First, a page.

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Amaan Penang: Making Data-Driven Financial Decisions

Amaan Penang was faced with a life change when he moved from Texas to California to start a new job. While preparing for the move he started to examine his financial health and was surprised by what he didn’t understand about his spending and income. Using the popular financial tracking software, Mint, he started to examine his historical spending. In this talk, presented at the Silicon Valley Quantified Self meetup group, Amaaan explains how he tracks his data, crunches the numbers, and finds “interesting patterns” in his data.

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Tidings: QS Melbourne Show&Tell

QSMelbourne_1

The first QS Melbourne meetup. Photo by Bernd Ploderer

Today’s Tidings dispatch comes to us from Phil Goebel, organizer of the QS Melbourne meetup group. Recently, they held their sixth Show&Tell meetup, which focussed on discussing new self-tracking tools. They also announced a new project – The QS Device Library. Read below to learn more about this exciting idea and what transpired at the meetup.

QS Melbourne Show&Tell #6 Recap
by Phil Goebel

Greetings from down under! The Quantified Self community in Melbourne has been active since late 2012 and since then the community has shown enthusiasm for the potential impact that self-tracking technology can have. Earlier this month the Melbourne QS meetup hosted our first set of toolmakers – individuals who are involved in building self-tracking tools. Melbourne has a rich medical and health technology industry and the QS community here is developing into a key contributor to opening the dialogue about the role that self-tracking behaviour, the technology which facilitates it, and the data it generates has within a larger health informatics context.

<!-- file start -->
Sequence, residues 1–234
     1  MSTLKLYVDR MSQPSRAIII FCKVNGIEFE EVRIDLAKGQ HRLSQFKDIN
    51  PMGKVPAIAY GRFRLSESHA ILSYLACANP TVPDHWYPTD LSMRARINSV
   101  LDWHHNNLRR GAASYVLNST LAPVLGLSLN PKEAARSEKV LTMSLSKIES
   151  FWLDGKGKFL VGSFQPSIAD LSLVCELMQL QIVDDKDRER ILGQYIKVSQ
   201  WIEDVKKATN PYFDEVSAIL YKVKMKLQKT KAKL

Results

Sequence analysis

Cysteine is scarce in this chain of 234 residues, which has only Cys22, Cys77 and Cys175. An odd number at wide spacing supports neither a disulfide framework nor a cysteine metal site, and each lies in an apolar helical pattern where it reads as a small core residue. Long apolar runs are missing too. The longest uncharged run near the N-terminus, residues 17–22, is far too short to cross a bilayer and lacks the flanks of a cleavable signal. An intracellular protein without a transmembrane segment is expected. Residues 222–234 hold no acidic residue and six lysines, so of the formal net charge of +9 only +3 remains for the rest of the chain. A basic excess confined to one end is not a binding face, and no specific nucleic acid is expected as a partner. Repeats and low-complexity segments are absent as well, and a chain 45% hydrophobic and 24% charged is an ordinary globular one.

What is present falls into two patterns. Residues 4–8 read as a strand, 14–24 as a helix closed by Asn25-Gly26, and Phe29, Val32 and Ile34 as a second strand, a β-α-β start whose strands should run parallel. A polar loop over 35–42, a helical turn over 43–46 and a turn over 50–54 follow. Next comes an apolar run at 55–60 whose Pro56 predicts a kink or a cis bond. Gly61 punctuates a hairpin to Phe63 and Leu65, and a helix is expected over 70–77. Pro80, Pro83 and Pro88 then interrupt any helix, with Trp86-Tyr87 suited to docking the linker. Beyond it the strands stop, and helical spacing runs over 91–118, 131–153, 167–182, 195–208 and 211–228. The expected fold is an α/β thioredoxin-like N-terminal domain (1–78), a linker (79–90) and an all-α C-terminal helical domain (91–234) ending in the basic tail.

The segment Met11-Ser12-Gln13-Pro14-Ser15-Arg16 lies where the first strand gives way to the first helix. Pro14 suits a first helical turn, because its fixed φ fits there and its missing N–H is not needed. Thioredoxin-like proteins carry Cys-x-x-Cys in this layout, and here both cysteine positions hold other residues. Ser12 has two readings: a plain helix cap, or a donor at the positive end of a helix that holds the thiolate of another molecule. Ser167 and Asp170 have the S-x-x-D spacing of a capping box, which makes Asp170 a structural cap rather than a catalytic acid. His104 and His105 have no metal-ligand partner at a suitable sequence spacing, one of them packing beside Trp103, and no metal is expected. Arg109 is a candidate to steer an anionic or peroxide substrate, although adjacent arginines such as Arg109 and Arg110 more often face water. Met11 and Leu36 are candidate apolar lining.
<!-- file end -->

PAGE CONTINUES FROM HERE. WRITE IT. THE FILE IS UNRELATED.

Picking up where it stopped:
Our first speaker was Rob Crowder from Smash Wearables. Rob shared his journey from a desire to improve his tennis game to launching a kickstarter campaign. Smash is a wrist worn device packing accelerometer, gyroscope, magnetometer and microcontroller all into a small and aesthetically pleasing form factor. Rob comes from a physics background and the Smash project begun with strapping hacked together hardware onto his wrist and collecting and analysing a whole heap of data. Although Rob has always been and continues to be the driving force behind Smash he stressed the importance of the community which has grown around and is contributing to Smash and has been taken aback by the willingness and generosity of people to lend a hand. Even though Smash did not meet its Kickstarter goals, the Kickstarter campaign did accomplish other objectives which will hopefully lead to Smash being worn by some of Australia’s top tennis player in time for the next Melbourne Open.